SAS and pilot unions have reached a wage deal, the Scandinavian airline said on Tuesday, ending a 15-day strike over a new collective bargaining agreement that had grounded 3,700 flights and thrown the carrier's future into doubt.
SAS, which filed for U.S. bankruptcy protection on the second day of the strike, said the industrial action had cost it more than $145 million to date and affected 380,000 passengers in the peak summer travel season.
The labour strife was the latest across Europe's aviation sector as millions of workers struggle with rising costs of living, prompting trade unions to demand higher wage increases and stage walkouts and disrupting travel.
Even before the pandemic hit, SAS was losing money amid rising competition from low-cost carriers. The company's biggest owners are Swedish and Danish taxpayers.
The airline said the new 5-1/2-year deal with four pilot unions would help it achieve part of the $700 million of annual cost savings set out in a business transformation plan that also includes such measures as handing back unwanted planes to lessors.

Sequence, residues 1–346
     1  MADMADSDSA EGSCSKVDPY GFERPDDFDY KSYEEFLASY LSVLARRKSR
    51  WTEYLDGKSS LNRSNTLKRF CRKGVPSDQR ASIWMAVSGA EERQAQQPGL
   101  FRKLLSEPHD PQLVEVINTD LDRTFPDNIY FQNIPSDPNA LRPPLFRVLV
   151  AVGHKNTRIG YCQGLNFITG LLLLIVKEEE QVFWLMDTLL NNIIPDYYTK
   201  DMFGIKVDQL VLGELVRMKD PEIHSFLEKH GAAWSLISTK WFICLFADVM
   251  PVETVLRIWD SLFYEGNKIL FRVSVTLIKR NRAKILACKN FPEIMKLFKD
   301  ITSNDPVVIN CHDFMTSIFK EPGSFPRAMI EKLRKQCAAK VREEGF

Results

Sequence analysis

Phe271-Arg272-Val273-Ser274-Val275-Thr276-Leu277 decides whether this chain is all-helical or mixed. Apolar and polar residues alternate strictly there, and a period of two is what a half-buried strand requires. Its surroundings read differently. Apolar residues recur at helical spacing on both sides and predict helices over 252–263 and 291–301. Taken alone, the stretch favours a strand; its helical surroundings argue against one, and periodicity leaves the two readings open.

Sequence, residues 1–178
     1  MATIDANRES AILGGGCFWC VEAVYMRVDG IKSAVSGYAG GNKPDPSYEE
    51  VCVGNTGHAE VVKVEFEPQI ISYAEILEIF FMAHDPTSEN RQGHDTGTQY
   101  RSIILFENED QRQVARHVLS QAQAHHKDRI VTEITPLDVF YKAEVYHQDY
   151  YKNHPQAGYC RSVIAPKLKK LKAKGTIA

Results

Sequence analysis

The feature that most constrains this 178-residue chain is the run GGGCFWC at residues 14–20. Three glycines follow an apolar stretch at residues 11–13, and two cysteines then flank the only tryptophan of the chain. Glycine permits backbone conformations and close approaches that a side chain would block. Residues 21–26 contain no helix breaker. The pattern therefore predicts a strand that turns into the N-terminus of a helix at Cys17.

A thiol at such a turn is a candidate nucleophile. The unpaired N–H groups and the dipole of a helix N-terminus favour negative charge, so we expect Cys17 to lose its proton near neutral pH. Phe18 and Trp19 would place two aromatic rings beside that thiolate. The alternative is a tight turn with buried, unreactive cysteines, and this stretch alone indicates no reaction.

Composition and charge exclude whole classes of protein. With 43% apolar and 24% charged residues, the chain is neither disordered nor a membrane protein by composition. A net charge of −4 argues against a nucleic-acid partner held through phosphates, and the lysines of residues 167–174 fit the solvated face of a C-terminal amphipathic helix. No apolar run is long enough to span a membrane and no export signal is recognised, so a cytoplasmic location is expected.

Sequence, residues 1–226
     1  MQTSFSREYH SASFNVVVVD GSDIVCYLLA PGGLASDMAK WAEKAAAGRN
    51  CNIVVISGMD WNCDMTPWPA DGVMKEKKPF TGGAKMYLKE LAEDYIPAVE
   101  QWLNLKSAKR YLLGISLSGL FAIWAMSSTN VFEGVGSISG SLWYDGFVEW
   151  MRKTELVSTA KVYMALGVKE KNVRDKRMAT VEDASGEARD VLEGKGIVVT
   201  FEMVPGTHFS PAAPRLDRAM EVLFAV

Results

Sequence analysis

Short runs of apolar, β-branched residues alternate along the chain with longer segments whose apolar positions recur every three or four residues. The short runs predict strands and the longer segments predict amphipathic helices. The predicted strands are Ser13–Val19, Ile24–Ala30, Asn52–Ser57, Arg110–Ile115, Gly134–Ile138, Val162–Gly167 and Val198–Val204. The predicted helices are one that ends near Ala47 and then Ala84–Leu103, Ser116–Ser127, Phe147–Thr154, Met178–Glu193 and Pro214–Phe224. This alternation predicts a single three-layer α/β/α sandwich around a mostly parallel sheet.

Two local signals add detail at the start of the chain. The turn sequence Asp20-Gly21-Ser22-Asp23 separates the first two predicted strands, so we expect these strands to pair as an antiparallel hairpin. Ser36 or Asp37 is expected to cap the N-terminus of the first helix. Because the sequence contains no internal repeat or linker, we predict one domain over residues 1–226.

"Finally, we can resume normal operations and fly our customers on their much longed-for summer holidays," SAS Chief Executive Anko van der Werff said in a statement. "I deeply regret that so many of our passengers have been impacted by this strike." Some flight disruptions will continue while the airline works to resume normal traffic, the company said.
SAS said the agreement with pilots involved higher productivity, increased flexibility in seasonal capacity and a commitment, as operations ramp up until 2024, to rehire 450 pilots laid off during the pandemic.
The deal will allow the airline to finalise plans in the next few weeks to raise $700 million of fresh financing needed to see it through the bankruptcy protection process, the company said.
SAS added the final deal remained subject to approval by unions and a U.S. federal court. It expected to receive that approval within a few weeks.
The U.S. Chapter 11 bankruptcy protection process is expected to last for nine to 12 months, the airline has said previously.
(Reporting by Jamie Freed in Sydney; additional reporting by Akriti Sharma in Bengaluru; Editing by Muralikumar Anantharaman and Bradley Perrett)